They also slipped in a weasel phrase in case the product doesn't work and someone wants a refund.  I'll give you a moment to find it..... Did you see it?  It was "works effectively if installed correctly and exactly."  The installation instructions a slightly vague and if you call them up to complain about it not working, I would imagine that they will say, "Sorry to hear that, but you must have done something wrong when you put it in."   Though how you would actually know if it's working or not is a mystery to me.  The measurement is either subjective (how you feel)  or can't be measured by any known scientific means.  Before I discuss some of the problems with how these things are supposed to work, I want to talk a bit about their website.  At the top, they have 4 sections labeled Home, Proof, Testimonials, and Contact Us.  I wanted to see what research they had, which labs had done it, and who had verified the results.  What I got was a video of a British man named David Furlong, who is apparently a therapist in the UK.  It doesn't say what kind of therapist, or how he would be qualified to talk about electromagnetic radiation.  He starts off by talking about what the green 8 products can do for you.  (If you want to impress an American, oddly enough, get someone with a British accent to sell it.  Weird how well that works.)  In the video, he has a woman sitting there and puts a probe in her hand.  It made me immediately think of the e-meter that Scientologists use.  Then he says he is going to test one of her acupressure points.  There is a chart on the computer screen and a line that goes up to the middle, which means that she is in balance.  (funny that this is a product to protect against the electromagnetic radiation emitted by technology, and there he is using a computer.  He must have one on it.)  Then he puts a "mobile phone on her body, which with the angle, you can't quite tell if he's actually placing it on her lap or the table.  This time when he does a reading, the line goes above the middle and you hear a really crappy alarm sound.  He says that her body has immediately gone into a stress load. (WTF?)  Then he calls the phone and has the female subject (victim, accomplice?) hold it while he does another reading of an acupressure point.  This time the line on the chart goes a wee bit higher.  Then he turns the phone off, basically places what looks like a sticker with a circuit board pattern on the phone and tries again.  If you've got quick eyes, you'll see a message go flying across the bottom of the screen that says that this is for demonstration purpose only, the product should be placed inside the phone case.  This goes back to the weasel phrase of "if installed correctly and exactly"  Keep on mind he didn't install it properly.  Upon the next reading with the product stuck to the outside of the phone, her line on the chart has returned to the center green area.  He then repeats the "test" with her listening to the phone, and what do you know, the line stays in the middle zone.  She says she's going to talk to friends and family about it, and he does his little sales spiel and the video ends.  Now right above the video there is the sentence "Healthy blood has blood cells that are free flowing and don't stick together."  They're right, but I believe that when they do, it is called coagulation, or else the person suffers from sickle cell anemia.  That is the summation of their proof.   Except for the "Add to Cart" banner that seems to appear on every page of the damn site.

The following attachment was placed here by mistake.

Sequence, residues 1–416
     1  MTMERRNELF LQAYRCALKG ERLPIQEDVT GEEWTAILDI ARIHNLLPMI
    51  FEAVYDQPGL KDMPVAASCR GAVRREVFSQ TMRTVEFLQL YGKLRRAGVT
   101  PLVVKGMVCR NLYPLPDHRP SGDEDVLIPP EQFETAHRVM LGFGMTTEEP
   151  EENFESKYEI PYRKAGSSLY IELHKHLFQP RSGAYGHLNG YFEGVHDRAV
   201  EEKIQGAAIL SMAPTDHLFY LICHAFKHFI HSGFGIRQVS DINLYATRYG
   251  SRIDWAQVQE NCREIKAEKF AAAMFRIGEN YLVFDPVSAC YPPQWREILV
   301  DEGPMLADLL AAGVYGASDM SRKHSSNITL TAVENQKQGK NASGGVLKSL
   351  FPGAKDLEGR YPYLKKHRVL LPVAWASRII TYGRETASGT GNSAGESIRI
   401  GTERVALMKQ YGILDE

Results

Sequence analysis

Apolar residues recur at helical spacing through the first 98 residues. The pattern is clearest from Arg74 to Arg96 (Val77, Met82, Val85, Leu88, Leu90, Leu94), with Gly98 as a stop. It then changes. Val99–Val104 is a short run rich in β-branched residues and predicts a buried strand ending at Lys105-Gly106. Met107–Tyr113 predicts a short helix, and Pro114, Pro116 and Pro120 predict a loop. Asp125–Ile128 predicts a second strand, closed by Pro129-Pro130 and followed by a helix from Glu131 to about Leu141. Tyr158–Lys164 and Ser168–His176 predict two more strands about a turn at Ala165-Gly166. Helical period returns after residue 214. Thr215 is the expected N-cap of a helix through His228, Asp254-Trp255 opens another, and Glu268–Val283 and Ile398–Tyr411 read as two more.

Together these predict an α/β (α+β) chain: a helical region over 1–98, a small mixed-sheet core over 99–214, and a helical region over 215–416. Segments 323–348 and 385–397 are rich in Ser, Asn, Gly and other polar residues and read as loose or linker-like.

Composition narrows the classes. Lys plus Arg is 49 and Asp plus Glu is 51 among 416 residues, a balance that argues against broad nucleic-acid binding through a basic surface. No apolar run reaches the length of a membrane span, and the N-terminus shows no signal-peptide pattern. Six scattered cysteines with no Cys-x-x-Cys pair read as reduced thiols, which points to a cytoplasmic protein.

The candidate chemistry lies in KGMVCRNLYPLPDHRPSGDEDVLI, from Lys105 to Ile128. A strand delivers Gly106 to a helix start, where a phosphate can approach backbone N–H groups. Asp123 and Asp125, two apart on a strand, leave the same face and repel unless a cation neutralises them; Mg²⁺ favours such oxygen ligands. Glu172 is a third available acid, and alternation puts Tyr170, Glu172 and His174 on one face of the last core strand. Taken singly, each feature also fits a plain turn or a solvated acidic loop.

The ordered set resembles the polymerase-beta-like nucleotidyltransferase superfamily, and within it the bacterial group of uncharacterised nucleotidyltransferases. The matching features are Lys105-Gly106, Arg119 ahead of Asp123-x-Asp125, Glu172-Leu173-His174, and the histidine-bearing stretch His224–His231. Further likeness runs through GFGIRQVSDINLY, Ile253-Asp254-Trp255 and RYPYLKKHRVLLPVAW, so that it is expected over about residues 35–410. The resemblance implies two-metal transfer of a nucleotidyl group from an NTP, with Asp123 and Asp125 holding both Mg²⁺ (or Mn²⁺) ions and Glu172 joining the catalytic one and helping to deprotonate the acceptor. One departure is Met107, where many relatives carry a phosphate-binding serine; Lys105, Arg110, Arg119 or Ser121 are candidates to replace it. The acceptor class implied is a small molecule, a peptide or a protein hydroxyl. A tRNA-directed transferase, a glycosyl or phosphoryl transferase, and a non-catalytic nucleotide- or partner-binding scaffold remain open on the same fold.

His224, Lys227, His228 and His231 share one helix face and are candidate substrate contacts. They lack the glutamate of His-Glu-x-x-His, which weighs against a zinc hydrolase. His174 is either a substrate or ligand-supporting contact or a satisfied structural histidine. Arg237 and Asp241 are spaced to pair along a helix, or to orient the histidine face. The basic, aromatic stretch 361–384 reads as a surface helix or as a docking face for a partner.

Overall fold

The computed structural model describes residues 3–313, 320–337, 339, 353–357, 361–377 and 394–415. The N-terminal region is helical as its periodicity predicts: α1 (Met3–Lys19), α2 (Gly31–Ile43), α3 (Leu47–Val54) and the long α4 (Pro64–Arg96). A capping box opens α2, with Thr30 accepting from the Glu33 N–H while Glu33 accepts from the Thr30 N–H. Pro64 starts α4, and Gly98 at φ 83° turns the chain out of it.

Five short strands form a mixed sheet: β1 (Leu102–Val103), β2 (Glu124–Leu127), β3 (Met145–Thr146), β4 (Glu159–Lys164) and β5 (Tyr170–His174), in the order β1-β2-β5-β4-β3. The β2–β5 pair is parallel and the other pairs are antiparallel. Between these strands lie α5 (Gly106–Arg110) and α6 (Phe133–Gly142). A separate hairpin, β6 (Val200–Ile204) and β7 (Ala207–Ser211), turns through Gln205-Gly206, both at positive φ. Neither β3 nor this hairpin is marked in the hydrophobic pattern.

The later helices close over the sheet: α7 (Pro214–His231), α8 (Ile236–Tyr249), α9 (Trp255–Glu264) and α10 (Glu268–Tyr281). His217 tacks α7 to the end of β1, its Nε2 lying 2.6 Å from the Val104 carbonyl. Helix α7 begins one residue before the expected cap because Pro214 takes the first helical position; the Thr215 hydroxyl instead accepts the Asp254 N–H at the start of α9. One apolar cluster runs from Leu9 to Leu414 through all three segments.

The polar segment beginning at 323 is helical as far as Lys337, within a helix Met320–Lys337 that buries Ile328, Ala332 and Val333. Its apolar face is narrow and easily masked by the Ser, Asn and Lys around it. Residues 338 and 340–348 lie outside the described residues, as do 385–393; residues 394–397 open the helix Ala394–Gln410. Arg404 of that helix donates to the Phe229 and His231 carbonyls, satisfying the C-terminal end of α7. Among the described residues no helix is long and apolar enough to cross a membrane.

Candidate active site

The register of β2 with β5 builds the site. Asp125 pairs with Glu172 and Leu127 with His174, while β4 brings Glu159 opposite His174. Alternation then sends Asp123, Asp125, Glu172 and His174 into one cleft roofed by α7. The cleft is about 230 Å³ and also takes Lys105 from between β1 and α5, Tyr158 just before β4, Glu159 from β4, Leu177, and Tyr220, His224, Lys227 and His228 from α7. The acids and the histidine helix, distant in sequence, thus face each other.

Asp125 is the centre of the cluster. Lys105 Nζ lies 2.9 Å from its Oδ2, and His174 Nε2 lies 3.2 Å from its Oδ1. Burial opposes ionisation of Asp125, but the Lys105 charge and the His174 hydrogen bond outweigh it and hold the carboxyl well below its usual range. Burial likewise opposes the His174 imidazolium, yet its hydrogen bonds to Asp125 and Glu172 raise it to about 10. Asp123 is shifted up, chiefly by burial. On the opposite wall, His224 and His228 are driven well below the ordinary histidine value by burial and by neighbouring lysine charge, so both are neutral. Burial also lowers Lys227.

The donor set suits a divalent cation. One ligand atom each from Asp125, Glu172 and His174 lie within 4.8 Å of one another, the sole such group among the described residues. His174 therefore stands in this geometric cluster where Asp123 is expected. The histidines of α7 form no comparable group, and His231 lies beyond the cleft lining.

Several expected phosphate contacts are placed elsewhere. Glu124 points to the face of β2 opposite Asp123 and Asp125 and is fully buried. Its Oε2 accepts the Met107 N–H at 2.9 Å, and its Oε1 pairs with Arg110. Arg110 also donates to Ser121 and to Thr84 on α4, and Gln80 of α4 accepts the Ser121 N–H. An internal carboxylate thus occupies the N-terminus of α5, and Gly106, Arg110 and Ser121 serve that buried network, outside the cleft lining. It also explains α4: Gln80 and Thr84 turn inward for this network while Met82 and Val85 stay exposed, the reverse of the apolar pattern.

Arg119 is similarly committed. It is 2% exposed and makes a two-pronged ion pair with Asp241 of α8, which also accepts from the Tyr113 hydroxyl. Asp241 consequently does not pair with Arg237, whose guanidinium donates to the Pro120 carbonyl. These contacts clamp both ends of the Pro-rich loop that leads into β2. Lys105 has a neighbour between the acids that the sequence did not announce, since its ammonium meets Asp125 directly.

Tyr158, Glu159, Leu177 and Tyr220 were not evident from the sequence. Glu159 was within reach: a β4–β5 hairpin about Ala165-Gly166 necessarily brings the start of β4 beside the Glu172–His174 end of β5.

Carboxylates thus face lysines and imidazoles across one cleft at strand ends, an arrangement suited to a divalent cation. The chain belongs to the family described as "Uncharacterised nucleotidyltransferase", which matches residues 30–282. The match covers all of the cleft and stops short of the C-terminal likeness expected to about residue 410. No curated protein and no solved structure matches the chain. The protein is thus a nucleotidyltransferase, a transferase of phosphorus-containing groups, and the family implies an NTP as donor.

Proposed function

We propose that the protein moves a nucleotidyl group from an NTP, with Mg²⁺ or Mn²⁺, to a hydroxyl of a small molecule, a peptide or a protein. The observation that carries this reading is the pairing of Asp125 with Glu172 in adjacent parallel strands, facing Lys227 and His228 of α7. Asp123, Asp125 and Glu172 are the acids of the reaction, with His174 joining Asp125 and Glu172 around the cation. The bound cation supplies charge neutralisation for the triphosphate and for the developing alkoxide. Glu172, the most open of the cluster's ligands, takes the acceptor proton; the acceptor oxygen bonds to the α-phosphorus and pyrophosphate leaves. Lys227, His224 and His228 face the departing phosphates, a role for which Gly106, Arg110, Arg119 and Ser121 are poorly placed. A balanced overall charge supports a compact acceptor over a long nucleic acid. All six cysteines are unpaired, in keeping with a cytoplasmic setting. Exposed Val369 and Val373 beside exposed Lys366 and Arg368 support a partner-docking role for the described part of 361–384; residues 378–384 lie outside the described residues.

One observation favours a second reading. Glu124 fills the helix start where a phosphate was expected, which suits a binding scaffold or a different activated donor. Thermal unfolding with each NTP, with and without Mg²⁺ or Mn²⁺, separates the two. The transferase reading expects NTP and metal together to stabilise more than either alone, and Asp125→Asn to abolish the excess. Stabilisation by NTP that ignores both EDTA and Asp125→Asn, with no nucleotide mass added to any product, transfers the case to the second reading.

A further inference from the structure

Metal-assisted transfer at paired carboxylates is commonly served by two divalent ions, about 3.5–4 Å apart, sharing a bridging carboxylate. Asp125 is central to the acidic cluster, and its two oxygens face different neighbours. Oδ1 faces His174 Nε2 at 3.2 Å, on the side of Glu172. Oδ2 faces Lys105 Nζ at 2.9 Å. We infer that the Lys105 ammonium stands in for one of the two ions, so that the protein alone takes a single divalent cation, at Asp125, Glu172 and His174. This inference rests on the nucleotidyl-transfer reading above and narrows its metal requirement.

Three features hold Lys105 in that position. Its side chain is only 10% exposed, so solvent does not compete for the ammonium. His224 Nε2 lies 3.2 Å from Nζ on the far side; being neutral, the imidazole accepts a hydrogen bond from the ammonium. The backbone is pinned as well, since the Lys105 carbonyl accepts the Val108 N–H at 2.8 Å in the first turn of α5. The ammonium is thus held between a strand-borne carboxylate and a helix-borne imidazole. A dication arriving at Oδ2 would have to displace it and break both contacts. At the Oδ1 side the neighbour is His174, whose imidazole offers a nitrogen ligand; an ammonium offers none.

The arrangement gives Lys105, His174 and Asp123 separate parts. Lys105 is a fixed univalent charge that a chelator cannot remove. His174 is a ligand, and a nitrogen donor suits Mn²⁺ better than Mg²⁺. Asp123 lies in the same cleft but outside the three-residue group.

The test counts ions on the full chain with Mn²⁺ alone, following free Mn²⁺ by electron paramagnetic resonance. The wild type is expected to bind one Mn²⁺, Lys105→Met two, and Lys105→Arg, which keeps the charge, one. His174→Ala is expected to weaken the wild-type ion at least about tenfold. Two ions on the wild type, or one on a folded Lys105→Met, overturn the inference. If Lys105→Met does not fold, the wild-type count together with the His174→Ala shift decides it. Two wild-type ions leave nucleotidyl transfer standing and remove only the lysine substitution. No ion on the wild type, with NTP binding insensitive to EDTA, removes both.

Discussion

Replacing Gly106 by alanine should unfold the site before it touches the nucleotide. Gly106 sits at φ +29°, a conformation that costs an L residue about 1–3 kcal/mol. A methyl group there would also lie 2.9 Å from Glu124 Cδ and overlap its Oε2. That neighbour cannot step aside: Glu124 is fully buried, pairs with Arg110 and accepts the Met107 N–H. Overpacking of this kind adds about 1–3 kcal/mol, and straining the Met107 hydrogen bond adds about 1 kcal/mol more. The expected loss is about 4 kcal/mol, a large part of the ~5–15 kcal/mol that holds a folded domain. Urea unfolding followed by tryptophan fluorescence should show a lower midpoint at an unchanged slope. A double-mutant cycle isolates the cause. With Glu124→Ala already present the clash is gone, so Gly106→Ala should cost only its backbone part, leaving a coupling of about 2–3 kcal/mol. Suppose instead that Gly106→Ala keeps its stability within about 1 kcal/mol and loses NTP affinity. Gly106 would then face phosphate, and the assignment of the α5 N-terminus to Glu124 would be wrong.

Then comes the testimonials.  A lot of them mention feeling heat coming from their phones (and all of these seem to be for the phone version, not the full house version that initially started me down this rabbit hole).   One even mention developing blisters from using a phone without the green 8.  Another one describes himself as developing  "strange electronic queasiness", which I guess if your queasiness feels electronic, it would be strange.  There are a couple more, but they all basically the same thing, over and over again.